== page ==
Caity Coyne was the Editor-in-Chief of West Virginia University's award winning, independent student newspaper, the Daily Athanaeum, and a reporting intern at the Charleston Gazette-Mail. Coyne is originally from San Diego, CA, but she found a home in West Virginia as a student. As a RFA corps member, Caity reports on the state’s southern coalfields for the Charleston Gazette-Mail. She has tenaciously covered a statewide teachers' strike and featured a once-booming coal town that may be forced to dissolve as a municipality.

Will Wright covered the environment and government accountability during internships at the Sacramento Bee, the Lexington Herald-Leader and the Kentucky Center for Investigative Reporting.  He was Editor-in-Chief of University of Kentucky’s independent student newspaper, the Kentucky Kernel. After graduating from University of Kentucky in December 2016, Wright completed a thru-hike of the Appalachian Trail. He grew up in Eighty Four, PA, a small town outside Pittsburgh. Since joining RFA, Wright has reopened the Lexington Herald Leader’s Pike County Bureau in Kentucky. He already put a spotlight on Kentucky's "worst water district" where some residents went without water for weeks. The district's business manager retired shortly after publication, and the state committed $3.4 million to fix water issues in eastern Kentucky. Will also collaborated with veteran reporter Bill Estep to break a story about $3 million in back taxes owed by Kentucky-based coal companies linked to West Virginia Gov. Jim Justice.

 

Report for America: Report for America is the only nonprofit journalism initiative in the U.S. that combines public service with its mission to cover the news. Launched in 2017 and donor-financed, Report for America is creating a new, sustainable system that strengthens communities and journalism. Our mission is to deploy talented, service-oriented journalists into undercovered areas, provide Americans with the information they need to improve their communities, hold powerful institutions accountable, and rebuild trust in the media. Report for America is an initiative of The GroundTruth Project, an award-winning nonprofit media organization with an established track record of training and supporting teams of emerging journalists around the world and in the US.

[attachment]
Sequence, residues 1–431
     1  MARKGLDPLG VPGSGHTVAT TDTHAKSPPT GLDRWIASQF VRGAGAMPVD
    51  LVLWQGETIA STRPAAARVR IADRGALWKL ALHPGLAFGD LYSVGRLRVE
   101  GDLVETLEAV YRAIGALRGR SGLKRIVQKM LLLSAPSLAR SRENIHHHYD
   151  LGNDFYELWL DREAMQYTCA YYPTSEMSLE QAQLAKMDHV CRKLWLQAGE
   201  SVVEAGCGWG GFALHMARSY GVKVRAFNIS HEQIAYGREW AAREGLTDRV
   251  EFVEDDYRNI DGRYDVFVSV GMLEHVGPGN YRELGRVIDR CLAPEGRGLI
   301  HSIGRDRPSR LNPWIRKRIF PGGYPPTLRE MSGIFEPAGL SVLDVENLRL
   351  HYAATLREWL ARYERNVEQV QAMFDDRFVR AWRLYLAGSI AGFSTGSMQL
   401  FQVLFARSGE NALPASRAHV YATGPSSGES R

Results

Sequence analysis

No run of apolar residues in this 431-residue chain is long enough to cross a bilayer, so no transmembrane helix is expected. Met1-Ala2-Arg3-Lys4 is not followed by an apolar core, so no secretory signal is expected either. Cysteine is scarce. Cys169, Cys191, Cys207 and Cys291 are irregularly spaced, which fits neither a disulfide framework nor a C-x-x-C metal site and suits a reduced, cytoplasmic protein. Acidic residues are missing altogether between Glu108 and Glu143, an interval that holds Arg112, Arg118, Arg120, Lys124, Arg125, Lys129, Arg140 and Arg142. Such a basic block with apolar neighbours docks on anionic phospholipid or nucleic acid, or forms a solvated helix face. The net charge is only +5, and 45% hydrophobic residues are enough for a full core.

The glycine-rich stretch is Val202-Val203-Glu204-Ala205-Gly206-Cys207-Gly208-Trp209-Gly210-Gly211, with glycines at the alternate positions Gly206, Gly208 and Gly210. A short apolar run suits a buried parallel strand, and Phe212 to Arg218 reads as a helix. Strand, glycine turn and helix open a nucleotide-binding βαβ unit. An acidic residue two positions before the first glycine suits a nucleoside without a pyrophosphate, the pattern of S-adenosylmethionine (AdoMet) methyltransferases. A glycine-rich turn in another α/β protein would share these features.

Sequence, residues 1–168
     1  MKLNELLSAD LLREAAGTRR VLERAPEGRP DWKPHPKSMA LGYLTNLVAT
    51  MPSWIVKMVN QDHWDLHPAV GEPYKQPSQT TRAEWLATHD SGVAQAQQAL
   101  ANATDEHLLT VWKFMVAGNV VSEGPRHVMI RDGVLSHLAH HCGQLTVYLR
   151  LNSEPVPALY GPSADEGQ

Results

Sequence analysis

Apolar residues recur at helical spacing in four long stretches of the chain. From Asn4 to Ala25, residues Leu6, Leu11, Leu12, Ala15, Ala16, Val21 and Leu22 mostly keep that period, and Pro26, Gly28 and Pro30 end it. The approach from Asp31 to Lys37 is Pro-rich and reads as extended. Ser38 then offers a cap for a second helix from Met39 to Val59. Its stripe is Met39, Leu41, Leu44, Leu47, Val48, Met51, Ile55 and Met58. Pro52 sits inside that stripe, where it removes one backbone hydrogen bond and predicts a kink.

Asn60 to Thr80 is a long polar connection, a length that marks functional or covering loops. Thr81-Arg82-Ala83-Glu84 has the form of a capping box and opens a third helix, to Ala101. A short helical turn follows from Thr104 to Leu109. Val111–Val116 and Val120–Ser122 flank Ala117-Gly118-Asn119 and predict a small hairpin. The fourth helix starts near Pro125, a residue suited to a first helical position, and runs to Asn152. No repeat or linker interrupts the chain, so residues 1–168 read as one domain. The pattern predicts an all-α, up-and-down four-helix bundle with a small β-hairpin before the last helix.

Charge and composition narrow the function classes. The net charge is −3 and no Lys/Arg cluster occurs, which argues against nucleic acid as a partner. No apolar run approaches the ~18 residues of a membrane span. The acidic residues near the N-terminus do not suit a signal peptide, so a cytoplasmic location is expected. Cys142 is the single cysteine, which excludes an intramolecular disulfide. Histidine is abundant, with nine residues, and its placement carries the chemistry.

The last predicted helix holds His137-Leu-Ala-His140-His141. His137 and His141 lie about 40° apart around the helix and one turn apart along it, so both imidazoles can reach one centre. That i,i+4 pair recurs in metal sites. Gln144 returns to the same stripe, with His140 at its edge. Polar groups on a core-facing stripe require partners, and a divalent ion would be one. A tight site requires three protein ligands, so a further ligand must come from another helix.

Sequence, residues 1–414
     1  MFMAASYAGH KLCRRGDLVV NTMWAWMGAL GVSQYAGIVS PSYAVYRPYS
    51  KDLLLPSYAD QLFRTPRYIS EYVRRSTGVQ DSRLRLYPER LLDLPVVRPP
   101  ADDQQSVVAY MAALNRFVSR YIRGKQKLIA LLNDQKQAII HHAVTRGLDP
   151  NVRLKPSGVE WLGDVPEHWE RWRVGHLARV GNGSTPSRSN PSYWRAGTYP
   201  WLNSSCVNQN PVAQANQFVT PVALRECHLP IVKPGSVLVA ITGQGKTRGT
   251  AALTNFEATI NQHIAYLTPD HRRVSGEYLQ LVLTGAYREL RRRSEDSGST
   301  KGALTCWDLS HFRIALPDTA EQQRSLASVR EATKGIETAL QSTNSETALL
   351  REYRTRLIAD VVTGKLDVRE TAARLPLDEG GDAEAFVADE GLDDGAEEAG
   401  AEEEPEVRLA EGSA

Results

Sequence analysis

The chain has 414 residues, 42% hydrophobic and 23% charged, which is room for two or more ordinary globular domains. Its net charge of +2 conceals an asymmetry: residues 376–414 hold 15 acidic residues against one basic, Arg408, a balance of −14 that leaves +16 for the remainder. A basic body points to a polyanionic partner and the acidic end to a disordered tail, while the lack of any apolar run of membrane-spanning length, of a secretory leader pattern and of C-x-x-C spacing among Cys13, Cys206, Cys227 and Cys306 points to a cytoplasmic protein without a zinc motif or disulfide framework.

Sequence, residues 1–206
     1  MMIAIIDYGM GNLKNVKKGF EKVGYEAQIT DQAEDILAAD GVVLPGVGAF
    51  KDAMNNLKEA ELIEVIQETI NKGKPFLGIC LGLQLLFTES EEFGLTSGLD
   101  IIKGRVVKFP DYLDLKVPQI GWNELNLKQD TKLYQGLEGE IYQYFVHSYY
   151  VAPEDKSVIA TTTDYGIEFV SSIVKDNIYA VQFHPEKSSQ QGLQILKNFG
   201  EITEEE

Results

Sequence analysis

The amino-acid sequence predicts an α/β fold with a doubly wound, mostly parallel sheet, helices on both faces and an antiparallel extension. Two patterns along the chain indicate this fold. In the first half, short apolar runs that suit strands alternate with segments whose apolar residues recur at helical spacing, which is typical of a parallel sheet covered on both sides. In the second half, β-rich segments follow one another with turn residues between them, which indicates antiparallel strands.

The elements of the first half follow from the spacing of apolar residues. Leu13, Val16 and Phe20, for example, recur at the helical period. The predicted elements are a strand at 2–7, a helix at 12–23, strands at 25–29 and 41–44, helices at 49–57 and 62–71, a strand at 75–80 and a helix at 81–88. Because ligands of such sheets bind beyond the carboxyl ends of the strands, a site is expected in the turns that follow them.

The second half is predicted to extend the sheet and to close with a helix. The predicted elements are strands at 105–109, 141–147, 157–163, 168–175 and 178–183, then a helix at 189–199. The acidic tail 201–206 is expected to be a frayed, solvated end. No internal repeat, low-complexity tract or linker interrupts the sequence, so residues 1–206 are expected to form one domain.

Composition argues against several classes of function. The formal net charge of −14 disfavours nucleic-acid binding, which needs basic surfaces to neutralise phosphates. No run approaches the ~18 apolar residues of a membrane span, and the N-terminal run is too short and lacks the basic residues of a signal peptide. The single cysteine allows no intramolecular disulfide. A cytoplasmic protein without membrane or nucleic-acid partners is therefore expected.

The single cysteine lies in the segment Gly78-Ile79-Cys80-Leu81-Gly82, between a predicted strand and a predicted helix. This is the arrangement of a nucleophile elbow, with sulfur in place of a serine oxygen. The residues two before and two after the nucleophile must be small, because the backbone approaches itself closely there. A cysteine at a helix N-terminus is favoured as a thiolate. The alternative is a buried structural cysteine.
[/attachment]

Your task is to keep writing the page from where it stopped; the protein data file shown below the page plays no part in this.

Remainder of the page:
The GroundTruth Project: The GroundTruth Project is a Boston-based, independent, non-partisan, non-profit news organization dedicated to supporting the next generation of journalists in the US and around the world. In the last five years, GroundTruth has supported 150 reporting fellowships as far away as Myanmar, Egypt and Somalia and as close to home as Kentucky, Minnesota, and Montana. Our newest initiative 'Report for America' seeks to address a crisis in local journalism in America which has become a crisis for our democracy. By deploying RFA corps members into RFA host newsrooms for one year of public service reporting, RFA is trying to create a movement to restore trust in journalism and serve communities that need better coverage of the issues in their community. For more, visit www.reportforamerica.org

CONTACT:

Maggie Messitt

mmessitt@reportforamerica.org

630-234-8638

 

 

GroundTruth Admin
The "new business model": Non-profit journalism

 

This article first appeared in the Chronicle of Philanthropy

By Steven Waldman and Charles Sennott

At a recent conference on local news, the veteran broadcaster Bob Schieffer praised the Texas Tribune — the acclaimed nonprofit website — but then added that it was just "a Band-Aid." His reasoning: In the long run, real journalism can be sustained only if it’s part of a commercial enterprise. Stated another way, local news will be saved only if we create "new business models."

It’s time we recognized that an entirely commercial approach will not, in fact, save local journalism and that nonprofits and philanthropy must take a greater role. This nonprofit-commercial mix is the "new business model" that we’ve been pining for.

There’s broad consensus that the crisis in local journalism is a crisis for democracy and the health of communities. Yet we keep hoping that a new app or a new business idea will fix it.

Yes, we’ve seen some exciting developments among national media. The Washington Post has a print circulation of about 350,000 but reaches 90 million people each month through the internet. But local news continues to collapse, as local advertisers turn to national platforms like Facebook or Google. A local news publication cannot outrun falling ad rates by reaching tens of millions of new readers. We need a radical shift in our thinking about local media models, including a different attitude toward the role nonprofits play in journalism.

Nonprofit news organizations can be powerful and enduring. We want our journalistic institutions to be strong, not only so they can survive but also so they have the muscle to hold powerful institutions accountable.